Many people use anticoagulant poisons to kill rodents and other unwanted creatures that come into their yards or homes in search of food and shelter. But they shouldn’t be so quick to act, says Julie Newsome, a Westlake Village resident, wildlife advocate and volunteer with the Santa Monica Mountains Fund.
Source of this article: The Thousand Oaks Acorn, February 28, 2013
Established in 1988, the fund was created by the National Park Service to support resource protection and educational programs within the Santa Monica Mountains National Recreation Area.
A Los Angeles native with an appreciation for the outdoors, animals, music and art, Newsome chairs the SAMO Wildlife Project Fund. The wildlife tracker and jazz vocalist was introduced to the nonprofit in 2008.
Last year she hosted a jazz benefit that raised $10,000 for mountain lion research. She also organized a wildlife education seminar in Westlake Village in conjunction with the National Park Service and California Wildlife Center. The intent of the seminar was to help people coexist with wildlife.
Arthur Eck, executive director for the SAMO Fund, said Newsome is a great activist for wildlife.
“She’s so passionate and works so very hard to help us raise money for both the mountain lion research program and the bobcat anticoagulant studies,” said Eck, who was superintendent of the Santa Monica Mountains National Recreation Area from 1995 to 2002.
In 2002, Eck became deputy regional director for the Pacific West Region of the National Park Service, representing almost 60 national parks throughout the western U.S. and the Pacific.
Rather than moving his family to Oakland, Calif., he chose to keep his home in Thousand Oaks because he was nearing retirement and wanted to stay near the Santa Monica Mountains.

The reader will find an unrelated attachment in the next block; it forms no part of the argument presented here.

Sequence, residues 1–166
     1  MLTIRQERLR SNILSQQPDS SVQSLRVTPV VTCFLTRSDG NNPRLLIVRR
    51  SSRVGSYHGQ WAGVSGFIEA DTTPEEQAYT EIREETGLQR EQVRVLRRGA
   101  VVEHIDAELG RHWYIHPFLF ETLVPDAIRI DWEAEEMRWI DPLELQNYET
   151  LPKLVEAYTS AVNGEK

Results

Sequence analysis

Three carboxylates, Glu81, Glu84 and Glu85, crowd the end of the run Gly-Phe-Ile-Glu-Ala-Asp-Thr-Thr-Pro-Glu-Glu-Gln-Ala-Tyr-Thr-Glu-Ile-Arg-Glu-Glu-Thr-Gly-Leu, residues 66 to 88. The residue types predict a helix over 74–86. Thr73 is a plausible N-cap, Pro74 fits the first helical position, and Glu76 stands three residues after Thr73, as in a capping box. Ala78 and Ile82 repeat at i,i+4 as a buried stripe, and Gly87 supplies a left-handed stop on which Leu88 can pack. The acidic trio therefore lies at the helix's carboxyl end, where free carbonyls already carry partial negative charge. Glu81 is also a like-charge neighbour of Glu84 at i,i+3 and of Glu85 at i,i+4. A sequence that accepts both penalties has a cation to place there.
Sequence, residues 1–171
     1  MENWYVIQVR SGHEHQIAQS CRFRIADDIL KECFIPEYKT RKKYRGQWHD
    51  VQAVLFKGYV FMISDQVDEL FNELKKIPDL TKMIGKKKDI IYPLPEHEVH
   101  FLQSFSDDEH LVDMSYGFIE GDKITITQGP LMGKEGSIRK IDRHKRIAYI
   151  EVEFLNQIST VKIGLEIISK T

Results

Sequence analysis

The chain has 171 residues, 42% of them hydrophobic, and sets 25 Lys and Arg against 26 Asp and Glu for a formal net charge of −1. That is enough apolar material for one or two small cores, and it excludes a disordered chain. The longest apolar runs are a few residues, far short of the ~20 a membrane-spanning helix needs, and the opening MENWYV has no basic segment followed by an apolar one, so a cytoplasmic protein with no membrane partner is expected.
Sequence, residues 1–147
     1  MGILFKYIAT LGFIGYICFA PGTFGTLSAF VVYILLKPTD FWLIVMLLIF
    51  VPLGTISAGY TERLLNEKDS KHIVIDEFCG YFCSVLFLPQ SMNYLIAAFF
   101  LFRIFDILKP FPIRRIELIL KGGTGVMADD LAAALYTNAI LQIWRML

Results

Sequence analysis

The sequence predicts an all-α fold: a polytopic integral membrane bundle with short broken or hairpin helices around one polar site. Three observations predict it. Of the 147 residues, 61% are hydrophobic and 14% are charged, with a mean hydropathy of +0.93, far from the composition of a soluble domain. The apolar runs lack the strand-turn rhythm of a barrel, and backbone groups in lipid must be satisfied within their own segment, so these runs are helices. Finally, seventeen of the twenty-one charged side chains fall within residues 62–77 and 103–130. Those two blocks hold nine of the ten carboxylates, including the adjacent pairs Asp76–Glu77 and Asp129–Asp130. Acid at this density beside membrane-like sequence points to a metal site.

“This park means a great deal to me and to the National Park Service, so I’m trying to do everything
I can to help it,” said Eck, who retired in 2004 and is now using his expertise for SAMO Fund programs.
In an era of tightened budgets, purchasing the necessary equipment to conduct research, such as GPS collars and remote wildlife cameras, is challenging. Raising money for the Santa Monica Mountains Fund is one way to ensure those needs are met.
“The national parks exist because of philanthropy,” Eck said.
Last year, SAMO Fund’s four volunteers raised $268,000 through grants and donations.
In addition to paying for research on wildcats, the money allowed the park service to buy a $6,600 radio collar with satellite access to track a mountain lion.
Funds also subsidized the publication of the quarterly Outdoor magazine and paid for a number of educational and restoration programs in the recreation area.
Fifteen percent of general donations to SAMO Fund are set aside to create a perpetual endowment for the park.
Species in the Santa Monicas are constrained by two freeways, an ocean and urban development. The impacts of cars, poisons and loss of habitat are causing animals and humans to lose the serenity of nature, Newsome said.
In a brochure titled “The Truth about Poisons,” Newsome offers tips to help people manage pests without resorting to harmful chemicals. For a copy, email email@example.com.
Rodents serve an important purpose in the ecosystem as seed dispersers and as food for predators. Mountain lions ingest poison by preying on coyotes and other animals that have eaten poisoned rodents. Several lions have died in recent years due to anticoagulants used in rat poison.
For information visit www.samofund.org.